Algeria has been experiencing an intractable liquidity crisis for a year. While the government has been standing idly by, without providing radical solutions, the crisis has intensified this month.
The liquidity crisis greatly affected Algerians, who are facing difficulties securing their daily needs, in light of the deteriorating economic situation in the country due to the pandemic.
The liquidity crisis began in conjunction with the outbreak of the Coronavirus pandemic at the beginning of last year. Citizens resorted to banks to withdraw their salaries and deposits.
Algeria liquidity crisis
Within six months, banks’ liquidity declined from $8 billion to $4.8 billion at the end of December 2020, for the first time in more than 20 years, according to a member of the Association of Banks and Financial Institutions, Baghdad Ammar.
Ammar said the liquidity deficit rate jumped from 55% at the end of last May to 80% at the end of 2020. The percentage used to be 20% at the beginning of 2019.
According to a Central Bank report, banks lost 304 billion dinars within six months. This is a great loss that puts the volume of liquidity at historically low levels.
Ammar attributed the high liquidity deficit to “withdrawing financial deposits by savers and economic dealers to face the Coronavirus repercussions, in addition to the continuous increase in the volume of bad loans during the last five years.”
Bad loans reached 10% in 2015, 13% in 2016, 17% in 2017, 20% in 2018, and jumped to 25.2% in 2019.
In addition, in the second half of 2020, the government resorted to granting loans to public and private companies stalled due to the pandemic.
The deficit jumps
A source from the Algerian Post Directorate revealed that the liquidity deficit rose from 10% at the beginning of 2020 to 45% at the end of last February, under pressure from the high rate of daily cash withdrawals in exchange for low revenues of the post office.
The liquidity crisis has turned into a bitter reality that most citizens experience every day waiting for several hours in long lines in front of banks and post offices.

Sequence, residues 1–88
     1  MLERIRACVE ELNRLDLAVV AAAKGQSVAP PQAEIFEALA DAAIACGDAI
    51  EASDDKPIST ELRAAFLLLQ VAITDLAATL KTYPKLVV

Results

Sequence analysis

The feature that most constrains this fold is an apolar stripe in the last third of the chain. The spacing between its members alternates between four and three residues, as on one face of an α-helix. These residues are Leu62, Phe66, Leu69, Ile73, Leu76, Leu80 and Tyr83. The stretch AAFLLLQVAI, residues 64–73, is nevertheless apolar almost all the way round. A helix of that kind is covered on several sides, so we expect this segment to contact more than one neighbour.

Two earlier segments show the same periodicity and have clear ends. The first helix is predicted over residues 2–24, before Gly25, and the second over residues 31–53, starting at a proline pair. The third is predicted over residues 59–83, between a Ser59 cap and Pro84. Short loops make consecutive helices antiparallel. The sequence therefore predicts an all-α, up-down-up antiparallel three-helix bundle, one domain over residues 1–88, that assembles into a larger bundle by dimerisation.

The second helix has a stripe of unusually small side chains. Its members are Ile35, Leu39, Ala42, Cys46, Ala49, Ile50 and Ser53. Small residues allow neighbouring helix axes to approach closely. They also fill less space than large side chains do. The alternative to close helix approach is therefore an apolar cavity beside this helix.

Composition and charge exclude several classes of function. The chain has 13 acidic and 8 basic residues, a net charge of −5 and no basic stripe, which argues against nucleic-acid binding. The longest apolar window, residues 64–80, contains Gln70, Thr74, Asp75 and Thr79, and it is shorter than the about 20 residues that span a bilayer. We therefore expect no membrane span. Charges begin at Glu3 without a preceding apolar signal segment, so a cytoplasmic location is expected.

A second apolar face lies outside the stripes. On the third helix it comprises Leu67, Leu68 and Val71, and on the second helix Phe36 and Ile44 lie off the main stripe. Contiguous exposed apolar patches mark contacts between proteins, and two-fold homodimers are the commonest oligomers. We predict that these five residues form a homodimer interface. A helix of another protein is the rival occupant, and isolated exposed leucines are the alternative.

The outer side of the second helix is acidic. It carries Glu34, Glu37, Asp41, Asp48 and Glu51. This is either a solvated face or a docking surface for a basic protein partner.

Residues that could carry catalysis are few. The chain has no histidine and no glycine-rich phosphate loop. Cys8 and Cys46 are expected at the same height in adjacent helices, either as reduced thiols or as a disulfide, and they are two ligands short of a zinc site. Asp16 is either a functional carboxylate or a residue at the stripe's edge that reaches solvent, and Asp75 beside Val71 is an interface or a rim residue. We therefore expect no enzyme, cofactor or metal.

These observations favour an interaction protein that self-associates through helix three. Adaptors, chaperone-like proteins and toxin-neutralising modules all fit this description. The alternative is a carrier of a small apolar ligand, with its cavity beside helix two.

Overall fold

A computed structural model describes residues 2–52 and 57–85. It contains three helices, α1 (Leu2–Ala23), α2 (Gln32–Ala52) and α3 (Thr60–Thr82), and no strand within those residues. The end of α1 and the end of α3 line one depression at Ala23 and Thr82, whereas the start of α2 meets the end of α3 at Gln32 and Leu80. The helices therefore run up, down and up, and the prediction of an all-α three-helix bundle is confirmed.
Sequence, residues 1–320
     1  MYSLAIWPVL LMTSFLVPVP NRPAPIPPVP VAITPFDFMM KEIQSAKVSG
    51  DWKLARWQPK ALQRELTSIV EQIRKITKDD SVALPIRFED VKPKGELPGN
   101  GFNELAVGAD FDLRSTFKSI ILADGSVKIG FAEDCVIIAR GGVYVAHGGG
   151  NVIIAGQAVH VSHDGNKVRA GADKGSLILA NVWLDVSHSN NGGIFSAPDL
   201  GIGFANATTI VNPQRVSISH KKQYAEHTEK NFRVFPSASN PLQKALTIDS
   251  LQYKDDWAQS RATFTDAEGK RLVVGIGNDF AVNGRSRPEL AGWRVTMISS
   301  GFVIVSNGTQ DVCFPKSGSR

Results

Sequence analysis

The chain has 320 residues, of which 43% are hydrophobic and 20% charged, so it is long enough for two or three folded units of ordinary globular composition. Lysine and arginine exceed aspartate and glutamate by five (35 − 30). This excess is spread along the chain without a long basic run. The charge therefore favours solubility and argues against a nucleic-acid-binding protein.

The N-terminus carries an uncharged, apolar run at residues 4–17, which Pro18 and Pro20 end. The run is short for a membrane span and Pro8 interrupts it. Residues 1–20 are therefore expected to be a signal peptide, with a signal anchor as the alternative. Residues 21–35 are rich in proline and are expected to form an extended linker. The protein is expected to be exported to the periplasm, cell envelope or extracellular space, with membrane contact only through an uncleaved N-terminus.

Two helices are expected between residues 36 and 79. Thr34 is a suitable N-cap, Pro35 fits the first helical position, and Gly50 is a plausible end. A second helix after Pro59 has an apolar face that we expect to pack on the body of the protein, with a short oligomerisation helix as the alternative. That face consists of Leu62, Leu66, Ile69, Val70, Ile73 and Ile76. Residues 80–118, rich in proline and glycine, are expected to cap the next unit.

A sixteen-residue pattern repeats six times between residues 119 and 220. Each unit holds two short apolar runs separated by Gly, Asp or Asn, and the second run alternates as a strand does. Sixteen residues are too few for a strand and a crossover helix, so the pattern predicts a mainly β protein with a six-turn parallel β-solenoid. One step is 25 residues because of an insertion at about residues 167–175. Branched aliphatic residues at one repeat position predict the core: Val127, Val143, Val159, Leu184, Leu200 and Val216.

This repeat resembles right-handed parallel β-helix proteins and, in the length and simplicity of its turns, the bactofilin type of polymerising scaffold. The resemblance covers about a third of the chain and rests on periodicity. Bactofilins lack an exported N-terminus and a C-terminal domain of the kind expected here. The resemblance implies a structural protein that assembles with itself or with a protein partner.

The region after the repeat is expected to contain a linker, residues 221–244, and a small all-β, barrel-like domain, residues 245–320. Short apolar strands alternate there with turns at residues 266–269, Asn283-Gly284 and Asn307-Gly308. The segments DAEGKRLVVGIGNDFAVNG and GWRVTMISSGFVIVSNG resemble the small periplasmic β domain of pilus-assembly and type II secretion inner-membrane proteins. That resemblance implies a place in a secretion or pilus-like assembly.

In front of the post office in the area of Hussein Dey (in the center of the Algerian capital), citizen Jamal Zoghdari stands in a line to withdraw his salary. He says that he has become accustomed to this situation, which lasts for months, at least he waits about two hours in order to withdraw his salary, which does not exceed 30 thousand dinars ($238).
Retired citizen Ammar, refused to say his full name, said that the date of withdrawing the pension has turned into a nightmare for him and millions of Algerians. “Sometimes I stand in front of the post office from before the dawn prayer. I miss my prayers and even my doctor appointments to withdraw a pension that is insufficient for going through the rest of the month, with the high cost of living,” he said.
A source of concern
The crisis did not only affect wage earners and retirees, but extended to traders and investors, who are struggling to provide the necessary liquidity to pay wages, pay tax deductions and health insurance. This is the case of the owner of a workshop for the production of cleaning materials named Mouloud Belabadi.
Belabadi confirmed that the liquidity crisis has become a source of concern for him, as the trust between him and his workers and suppliers has been undermined.
He said that “the liquidity crisis affected the prices that rose, as producers were affected, which made them raise prices to secure the largest amount of money”.
Monia Adad, director of a post office, said that “the General Administration of Post Centers decided to extend the period of wage disbursement and establishing a ceiling to withdrawals according to the volume of liquidity in each center compared to the volume of demand”.
She added that “the volume of liquidity flowing to the center has actually decreased recently, which affected withdrawals and led to long queues daily, especially during the health crisis”.